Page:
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War And Peace 67

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War And Peace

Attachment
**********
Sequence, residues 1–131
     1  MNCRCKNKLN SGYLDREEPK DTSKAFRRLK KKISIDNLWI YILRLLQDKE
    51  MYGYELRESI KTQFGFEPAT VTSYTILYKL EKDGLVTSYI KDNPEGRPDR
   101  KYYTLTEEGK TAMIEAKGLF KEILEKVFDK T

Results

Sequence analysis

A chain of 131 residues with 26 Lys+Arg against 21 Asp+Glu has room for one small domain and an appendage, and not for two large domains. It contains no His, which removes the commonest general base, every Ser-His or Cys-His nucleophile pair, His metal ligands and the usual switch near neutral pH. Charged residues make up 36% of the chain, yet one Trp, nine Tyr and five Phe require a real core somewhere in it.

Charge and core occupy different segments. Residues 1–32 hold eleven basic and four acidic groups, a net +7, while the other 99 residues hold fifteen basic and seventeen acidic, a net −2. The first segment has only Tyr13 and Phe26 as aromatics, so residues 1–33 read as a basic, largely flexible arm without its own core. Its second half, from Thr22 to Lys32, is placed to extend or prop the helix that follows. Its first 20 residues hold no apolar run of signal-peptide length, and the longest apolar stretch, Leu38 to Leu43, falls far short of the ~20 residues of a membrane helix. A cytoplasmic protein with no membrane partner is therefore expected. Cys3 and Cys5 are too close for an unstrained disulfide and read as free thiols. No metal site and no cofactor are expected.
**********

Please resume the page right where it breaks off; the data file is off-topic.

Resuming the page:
day he is sensible, well educated, and good-natured, and the next hes a wild beast.... In Poland, if you please, he nearly killed a Jew." "Oh, well, well!" remarked the regimental commander. "Still, one must have pity on a young man in misfortune. You know he has important connections... Well, then, you just..." "I will, your excellency," said Timokhin, showing by his smile that he understood his commanders wish. "Well, of course, of course!" The regimental commander sought out Dolokhov in the ranks and, reining in his horse, said to him: "After the next affair... epaulettes." Dolokhov looked round but did not say anything, nor did the mocking smile on his lips change. "Well, thats all right," continued the regimental commander. "A cup of vodka for the men from me," he added so that the soldiers could hear. "I thank you all! God be praised!" and he rode past that company and overtook the next one. "Well, hes really a good fellow, one can serve under him," said Timokhin to the subaltern beside him. "In a word, a hearty one..." said the subaltern, laughing (the regimental commander was nicknamed King of Hearts). The cheerful mood of their officers after the inspection infected the soldiers. The company marched on gaily. The soldiers voices could be heard on every side. "And they said Kutuzov was blind of one eye?" "And so he is! Quite blind!" "No, friend, he is sharper-eyed than you are. Boots and leg bands... he noticed everything..." "When he looked at my feet, friend... well, thinks I..." "And that other one with him, the Austrian, looked as if he were smeared with chalk--as white as flour! I suppose they polish him up as they do the guns." "I say, Fedeshon!... Did he say when the battles are to begin? You were near him. Everybody said that Buonaparte himself was at Braunau." "Buonaparte himself!... Just listen to the fool, what he doesnt know! The Prussians are up in arms now. The Austrians, you see, are putting them down. When theyve been put down, the war with Buonaparte will begin. And he says Buonaparte is in Braunau! Shows youre a fool. Youd better listen more carefully!" "What devils these quartermasters are! See, the fifth company is turning into the village already... they will have their buckwheat cooked before we reach our quarters." "Give me a biscuit, you devil!" "And did you give me tobacco yesterday? Thats just it, friend! Ah, well, never mind, here you are." "They might call a halt here or well have to do another four miles without eating." "Wasnt it fine when those Germans gave us lifts! You just sit still and are drawn along." "And here, friend, the people are quite beggarly. There they all seemed to be Poles--all under the Russian crown--but here theyre all regular Germans." "Singers to the front" came the captains order. And from the different ranks some twenty men ran to the front. A drummer, their leader, turned round facing the singers, and flourishing his arm, began a long-drawn-out soldiers song, commencing with the words: "Morning dawned, the sun was rising," and concluding: "On then, brothers, on to glory, led by Father Kamenski." This song had been composed in the Turkish campaign and now being sung in Austria, the only change being that the words "Father Kamenski" were replaced by "Father Kutuzov." Having jerked out these last words as soldiers do and waved his arms as if flinging something to the ground, the drummer--a lean, handsome soldier of forty--looked sternly at the singers and screwed up his eyes. Then having satisfied himself that all eyes were fixed on him, he raised both arms as if carefully lifting some invisible but precious object above his head and, holding it there for some seconds, suddenly flung it down and began: "Oh, my bower, oh, my bower...!" "Oh, my bower new...!" chimed in twenty voices, and the castanet player, in spite of the burden of his equipment, rushed out to the front and, walking backwards before the company, jerked his shoulders and flourished his castanets as if threatening someone. The soldiers, swinging their arms and keeping time spontaneously, marched with long steps. Behind the company the sound of wheels, the creaking of springs, and the tramp of horses hoofs were heard. Kutuzov and his suite were returning to the town. The commander in chief made a sign that the men should continue to march at ease, and he and all his suite showed pleasure at the sound of the singing and the sight of the dancing soldier and the gay and smartly marching men. In the second file from the right flank, beside which the

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